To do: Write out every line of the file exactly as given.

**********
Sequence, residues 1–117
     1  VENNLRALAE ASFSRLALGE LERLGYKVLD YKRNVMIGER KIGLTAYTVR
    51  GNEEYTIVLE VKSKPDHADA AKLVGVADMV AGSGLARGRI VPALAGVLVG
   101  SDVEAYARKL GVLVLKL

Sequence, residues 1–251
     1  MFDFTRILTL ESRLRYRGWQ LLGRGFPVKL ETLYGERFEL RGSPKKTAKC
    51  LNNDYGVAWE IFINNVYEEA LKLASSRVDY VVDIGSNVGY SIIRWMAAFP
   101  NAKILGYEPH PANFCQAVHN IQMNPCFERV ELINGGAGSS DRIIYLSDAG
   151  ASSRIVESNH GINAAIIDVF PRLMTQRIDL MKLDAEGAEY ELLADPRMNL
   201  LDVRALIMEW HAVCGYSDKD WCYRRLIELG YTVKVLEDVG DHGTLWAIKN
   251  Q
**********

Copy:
Sequence, residues 1–117
     1  VENNLRALAE ASFSRLALGE LERLGYKVLD YKRNVMIGER KIGLTAYTVR
    51  GNEEYTIVLE VKSKPDHADA AKLVGVADMV AGSGLARGRI VPALAGVLVG
   101  SDVEAYARKL GVLVLKL

Sequence, residues 1–251
     1  MFDFTRILTL ESRLRYRGWQ LLGRGFPVKL ETLYGERFEL RGSPKKTAKC
    51  LNNDYGVAWE IFINNVYEEA LKLASSRVDY VVDIGSNVGY SIIRWMAAFP
   101  NAKILGYEPH PANFCQAVHN IQMNPCFERV ELINGGAGSS DRIIYLSDAG
   151  ASSRIVESNH GINAAIIDVF PRLMTQRIDL MKLDAEGAEY ELLADPRMNL
   201  LDVRALIMEW HAVCGYSDKD WCYRRLIELG YTVKVLEDVG DHGTLWAIKN
   251  Q